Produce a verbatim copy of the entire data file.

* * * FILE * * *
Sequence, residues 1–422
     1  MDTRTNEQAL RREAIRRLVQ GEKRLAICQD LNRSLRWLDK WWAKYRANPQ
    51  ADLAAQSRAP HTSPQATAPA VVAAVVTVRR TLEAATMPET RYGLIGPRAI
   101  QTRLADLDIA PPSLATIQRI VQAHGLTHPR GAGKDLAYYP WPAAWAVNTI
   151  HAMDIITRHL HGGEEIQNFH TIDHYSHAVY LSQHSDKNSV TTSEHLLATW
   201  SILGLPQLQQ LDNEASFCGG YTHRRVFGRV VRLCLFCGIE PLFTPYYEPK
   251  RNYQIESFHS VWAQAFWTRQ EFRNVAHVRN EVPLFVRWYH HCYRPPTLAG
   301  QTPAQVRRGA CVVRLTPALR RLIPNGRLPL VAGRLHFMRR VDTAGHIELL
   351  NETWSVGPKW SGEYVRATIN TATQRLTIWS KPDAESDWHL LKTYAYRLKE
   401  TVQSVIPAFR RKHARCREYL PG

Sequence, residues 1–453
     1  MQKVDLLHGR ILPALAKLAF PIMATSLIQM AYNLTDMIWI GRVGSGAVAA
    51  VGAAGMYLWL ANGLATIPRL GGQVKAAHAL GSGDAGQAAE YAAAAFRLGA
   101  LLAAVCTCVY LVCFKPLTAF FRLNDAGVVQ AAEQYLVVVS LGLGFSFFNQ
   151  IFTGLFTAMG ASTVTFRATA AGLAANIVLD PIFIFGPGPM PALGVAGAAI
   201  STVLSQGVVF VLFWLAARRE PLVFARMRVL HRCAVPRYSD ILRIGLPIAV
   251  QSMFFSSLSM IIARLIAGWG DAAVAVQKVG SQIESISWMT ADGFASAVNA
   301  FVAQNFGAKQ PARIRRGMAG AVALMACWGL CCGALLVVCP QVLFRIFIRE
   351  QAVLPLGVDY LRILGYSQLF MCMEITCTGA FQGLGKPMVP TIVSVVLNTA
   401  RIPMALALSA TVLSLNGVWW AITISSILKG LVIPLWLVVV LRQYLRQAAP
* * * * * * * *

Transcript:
Sequence, residues 1–422
     1  MDTRTNEQAL RREAIRRLVQ GEKRLAICQD LNRSLRWLDK WWAKYRANPQ
    51  ADLAAQSRAP HTSPQATAPA VVAAVVTVRR TLEAATMPET RYGLIGPRAI
   101  QTRLADLDIA PPSLATIQRI VQAHGLTHPR GAGKDLAYYP WPAAWAVNTI
   151  HAMDIITRHL HGGEEIQNFH TIDHYSHAVY LSQHSDKNSV TTSEHLLATW
   201  SILGLPQLQQ LDNEASFCGG YTHRRVFGRV VRLCLFCGIE PLFTPYYEPK
   251  RNYQIESFHS VWAQAFWTRQ EFRNVAHVRN EVPLFVRWYH HCYRPPTLAG
   301  QTPAQVRRGA CVVRLTPALR RLIPNGRLPL VAGRLHFMRR VDTAGHIELL
   351  NETWSVGPKW SGEYVRATIN TATQRLTIWS KPDAESDWHL LKTYAYRLKE
   401  TVQSVIPAFR RKHARCREYL PG

Sequence, residues 1–453
     1  MQKVDLLHGR ILPALAKLAF PIMATSLIQM AYNLTDMIWI GRVGSGAVAA
    51  VGAAGMYLWL ANGLATIPRL GGQVKAAHAL GSGDAGQAAE YAAAAFRLGA
   101  LLAAVCTCVY LVCFKPLTAF FRLNDAGVVQ AAEQYLVVVS LGLGFSFFNQ
   151  IFTGLFTAMG ASTVTFRATA AGLAANIVLD PIFIFGPGPM PALGVAGAAI
   201  STVLSQGVVF VLFWLAARRE PLVFARMRVL HRCAVPRYSD ILRIGLPIAV
   251  QSMFFSSLSM IIARLIAGWG DAAVAVQKVG SQIESISWMT ADGFASAVNA
   301  FVAQNFGAKQ PARIRRGMAG AVALMACWGL CCGALLVVCP QVLFRIFIRE
   351  QAVLPLGVDY LRILGYSQLF MCMEITCTGA FQGLGKPMVP TIVSVVLNTA
   401  RIPMALALSA TVLSLNGVWW AITISSILKG LVIPLWLVVV LRQYLRQAAP